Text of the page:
Looking back, trying to achieve theosis while working in a warehouse and going to college was a really bad idea. Theosis is the belief in Eastern Orthodoxy that one can have real union with God, and participate in the divine nature. To say I was struggling would be an understatement. I was trying so hard to be the perfect Orthodox Christian. I supervised the acolytes behind the altar, had mastered the perfect sign of the cross gestures, and attended every liturgy, matins, vespers that was possible. Why then was I struggling so much to be holy?
In addition, I was being constantly bombarded with assertions of how bad Christianity really is. The professors at college certainly were part of the assault. After all, don't you know that Christian communion is just a twist on cannibalism, Christians co-opted every pagan holiday, and hymns are called hymns in order to suppress women? And here's a gem: God can't be a he when clearly God is a she. Typical attempts at indoctrination...blah, blah, blah.
At my warehouse job it was not much better. People were angry with God, and there were atheists who constantly attacked me for being a Christian, and some Christians who questioned my faith—claiming I worshiped idols.
All in all, it was a confusing mess of a time which I was not really prepared for. I had been raised as an Orthodox Christian and really tried to throw myself into that belief system to shield myself from the world. I couldn't do it. I could not become holy enough and none of my observance of asceticism (keeping clear of the pleasures of this world) seemed to strengthen me against the attacks of the world around me. Finally, something did manage to pull me out of the mess that I found myself in.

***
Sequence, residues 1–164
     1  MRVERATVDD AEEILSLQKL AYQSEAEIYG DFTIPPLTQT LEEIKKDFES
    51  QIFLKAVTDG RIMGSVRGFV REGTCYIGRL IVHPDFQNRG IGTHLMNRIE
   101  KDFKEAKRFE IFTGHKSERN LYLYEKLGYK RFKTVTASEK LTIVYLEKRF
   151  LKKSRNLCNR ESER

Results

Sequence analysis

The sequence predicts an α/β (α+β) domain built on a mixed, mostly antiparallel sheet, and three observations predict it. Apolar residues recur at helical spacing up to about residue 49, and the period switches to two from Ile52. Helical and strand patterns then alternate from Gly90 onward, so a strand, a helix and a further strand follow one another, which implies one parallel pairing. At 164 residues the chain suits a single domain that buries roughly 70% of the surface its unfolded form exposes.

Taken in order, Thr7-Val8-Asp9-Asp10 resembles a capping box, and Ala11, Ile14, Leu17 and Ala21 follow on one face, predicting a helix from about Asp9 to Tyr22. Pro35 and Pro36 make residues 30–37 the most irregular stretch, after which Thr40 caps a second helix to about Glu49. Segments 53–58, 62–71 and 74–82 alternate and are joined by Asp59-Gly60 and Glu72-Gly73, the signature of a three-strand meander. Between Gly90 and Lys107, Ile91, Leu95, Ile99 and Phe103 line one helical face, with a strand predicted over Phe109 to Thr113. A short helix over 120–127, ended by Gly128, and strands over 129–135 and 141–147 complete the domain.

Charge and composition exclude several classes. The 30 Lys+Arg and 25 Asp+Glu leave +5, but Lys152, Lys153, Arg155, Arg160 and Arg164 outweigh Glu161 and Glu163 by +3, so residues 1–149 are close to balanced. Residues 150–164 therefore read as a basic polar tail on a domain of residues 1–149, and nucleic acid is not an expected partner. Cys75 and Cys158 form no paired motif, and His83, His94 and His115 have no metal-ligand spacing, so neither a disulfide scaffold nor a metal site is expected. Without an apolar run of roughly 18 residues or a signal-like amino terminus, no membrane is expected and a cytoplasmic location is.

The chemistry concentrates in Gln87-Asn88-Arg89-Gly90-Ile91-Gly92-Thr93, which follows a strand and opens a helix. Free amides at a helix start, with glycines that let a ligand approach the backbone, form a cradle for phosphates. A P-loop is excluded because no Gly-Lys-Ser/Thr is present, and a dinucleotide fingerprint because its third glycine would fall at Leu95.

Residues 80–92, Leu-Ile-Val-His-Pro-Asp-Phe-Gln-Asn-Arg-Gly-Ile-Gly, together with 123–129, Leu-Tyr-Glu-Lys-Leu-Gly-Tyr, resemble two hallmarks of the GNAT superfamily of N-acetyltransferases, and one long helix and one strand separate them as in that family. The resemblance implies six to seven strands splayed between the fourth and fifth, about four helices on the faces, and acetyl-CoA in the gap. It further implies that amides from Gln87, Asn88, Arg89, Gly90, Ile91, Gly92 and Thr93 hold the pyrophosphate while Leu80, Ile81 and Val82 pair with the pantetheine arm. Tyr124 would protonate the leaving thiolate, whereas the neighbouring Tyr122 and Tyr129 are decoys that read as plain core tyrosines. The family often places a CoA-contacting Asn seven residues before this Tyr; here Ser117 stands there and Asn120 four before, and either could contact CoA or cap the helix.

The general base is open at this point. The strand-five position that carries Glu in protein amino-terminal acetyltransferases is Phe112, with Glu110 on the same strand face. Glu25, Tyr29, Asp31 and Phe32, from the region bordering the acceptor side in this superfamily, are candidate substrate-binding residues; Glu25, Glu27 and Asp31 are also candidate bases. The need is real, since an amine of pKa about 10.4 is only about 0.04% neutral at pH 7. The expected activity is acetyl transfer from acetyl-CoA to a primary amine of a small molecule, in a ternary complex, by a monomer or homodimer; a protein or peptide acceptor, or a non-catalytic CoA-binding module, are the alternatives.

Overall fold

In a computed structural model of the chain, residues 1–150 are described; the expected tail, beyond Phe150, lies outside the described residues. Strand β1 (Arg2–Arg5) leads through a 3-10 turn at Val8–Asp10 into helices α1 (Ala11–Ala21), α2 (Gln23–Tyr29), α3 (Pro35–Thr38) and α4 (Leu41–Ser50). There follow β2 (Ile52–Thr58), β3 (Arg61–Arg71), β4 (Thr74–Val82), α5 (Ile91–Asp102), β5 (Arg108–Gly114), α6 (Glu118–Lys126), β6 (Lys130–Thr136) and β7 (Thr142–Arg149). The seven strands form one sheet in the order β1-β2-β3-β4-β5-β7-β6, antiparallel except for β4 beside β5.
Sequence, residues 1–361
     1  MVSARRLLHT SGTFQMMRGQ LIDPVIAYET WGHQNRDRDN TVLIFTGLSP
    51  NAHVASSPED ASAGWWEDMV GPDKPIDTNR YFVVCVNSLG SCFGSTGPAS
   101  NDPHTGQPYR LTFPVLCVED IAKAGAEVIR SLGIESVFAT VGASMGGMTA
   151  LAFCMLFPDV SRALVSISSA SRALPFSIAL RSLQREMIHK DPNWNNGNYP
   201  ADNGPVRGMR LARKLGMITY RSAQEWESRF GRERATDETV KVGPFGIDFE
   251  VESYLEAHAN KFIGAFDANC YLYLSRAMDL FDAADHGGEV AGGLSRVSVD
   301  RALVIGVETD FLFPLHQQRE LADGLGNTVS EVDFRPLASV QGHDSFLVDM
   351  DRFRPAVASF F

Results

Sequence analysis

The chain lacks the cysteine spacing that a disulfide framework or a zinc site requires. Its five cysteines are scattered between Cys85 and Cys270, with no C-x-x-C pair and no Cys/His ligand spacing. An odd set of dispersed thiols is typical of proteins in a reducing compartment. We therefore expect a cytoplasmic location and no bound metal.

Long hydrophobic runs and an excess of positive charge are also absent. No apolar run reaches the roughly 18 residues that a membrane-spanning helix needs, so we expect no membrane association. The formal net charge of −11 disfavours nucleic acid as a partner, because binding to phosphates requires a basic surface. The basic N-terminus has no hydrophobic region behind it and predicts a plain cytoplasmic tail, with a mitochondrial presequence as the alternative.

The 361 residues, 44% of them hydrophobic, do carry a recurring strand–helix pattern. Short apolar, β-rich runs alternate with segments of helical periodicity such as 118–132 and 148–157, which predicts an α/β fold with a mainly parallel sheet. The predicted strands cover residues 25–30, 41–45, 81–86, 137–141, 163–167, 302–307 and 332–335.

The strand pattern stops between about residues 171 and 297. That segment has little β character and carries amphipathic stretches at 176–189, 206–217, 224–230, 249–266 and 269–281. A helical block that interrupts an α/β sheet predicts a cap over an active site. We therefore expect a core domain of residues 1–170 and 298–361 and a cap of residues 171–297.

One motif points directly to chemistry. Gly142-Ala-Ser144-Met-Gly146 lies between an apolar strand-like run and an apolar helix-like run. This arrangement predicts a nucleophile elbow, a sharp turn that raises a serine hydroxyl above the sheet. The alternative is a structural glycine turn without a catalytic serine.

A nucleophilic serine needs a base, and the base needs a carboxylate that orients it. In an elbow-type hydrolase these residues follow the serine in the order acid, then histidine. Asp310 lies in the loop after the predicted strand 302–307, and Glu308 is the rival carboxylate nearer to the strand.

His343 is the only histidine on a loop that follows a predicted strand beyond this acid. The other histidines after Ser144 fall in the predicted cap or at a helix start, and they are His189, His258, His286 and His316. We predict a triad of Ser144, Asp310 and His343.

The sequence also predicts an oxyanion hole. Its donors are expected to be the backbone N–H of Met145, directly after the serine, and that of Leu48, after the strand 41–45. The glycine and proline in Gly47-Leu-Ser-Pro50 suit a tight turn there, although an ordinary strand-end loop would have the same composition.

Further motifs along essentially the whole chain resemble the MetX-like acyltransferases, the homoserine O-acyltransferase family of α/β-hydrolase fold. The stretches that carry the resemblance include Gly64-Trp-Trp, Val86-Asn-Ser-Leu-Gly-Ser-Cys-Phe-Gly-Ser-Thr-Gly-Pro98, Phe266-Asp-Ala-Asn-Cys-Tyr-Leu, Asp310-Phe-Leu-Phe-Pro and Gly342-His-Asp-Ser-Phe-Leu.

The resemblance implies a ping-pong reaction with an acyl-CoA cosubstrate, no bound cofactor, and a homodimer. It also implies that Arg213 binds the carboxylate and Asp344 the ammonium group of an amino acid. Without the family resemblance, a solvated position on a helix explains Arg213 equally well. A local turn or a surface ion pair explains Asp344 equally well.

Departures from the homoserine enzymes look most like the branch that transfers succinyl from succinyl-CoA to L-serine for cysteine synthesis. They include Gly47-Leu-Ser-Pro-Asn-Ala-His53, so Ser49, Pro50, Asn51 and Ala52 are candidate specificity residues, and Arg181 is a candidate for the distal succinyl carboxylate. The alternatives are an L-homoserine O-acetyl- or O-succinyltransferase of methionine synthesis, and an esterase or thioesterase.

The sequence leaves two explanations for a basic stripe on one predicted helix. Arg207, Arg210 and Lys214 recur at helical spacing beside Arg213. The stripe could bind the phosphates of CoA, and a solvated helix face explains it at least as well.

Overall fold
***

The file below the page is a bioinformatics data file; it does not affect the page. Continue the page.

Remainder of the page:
One day, I rediscovered a book from my Lutheran school days. Yes, in a strange twist I, an Orthodox Christian, attended Lutheran schools. I cracked it open and it led me to another book and then to another book. Finally, I came to the conclusion that the confirmation classes I had taken in 7th and 8th grade might have the insight that I so desperately needed. I dug through my books and dusted off Luther's Small Catechism.
I opened it, knowing well what I would find. I memorized the contents of the Small Catechism in school, after all, but now I was rediscovering it with a new sense of freedom. That freedom was found in the Gospel. The most striking to me was the explanations to the Second and Third Articles of the Apostles Creed, namely "...who has redeemed me, a lost and condemned person, purchased and won me from all sins, from death, and from the power of the devil...? (Second Article) and most especially, "I believe that I cannot by my own reason or strength believe in Jesus Christ, my Lord, or come to Him..." (Third Article) That part hit me like a ton of bricks.
I went on to be confirmed in the faith and was eventually called to be a Lutheran school teacher. I thought I had known the Gospel so well, but I had chained myself so severely with the law I did not know which way was up. When those chains came free, I felt different. That difference was the Gospel. How easy it is to know the Gospel and still be so far from it. How freeing it is to have those chains drop off to know the love of Jesus through His gifts of Word and Sacrament!
Andrew Strickland is a member at St. Paul's Lutheran Church, Prior Lake, Minnesota.
Created: May 25th, 2016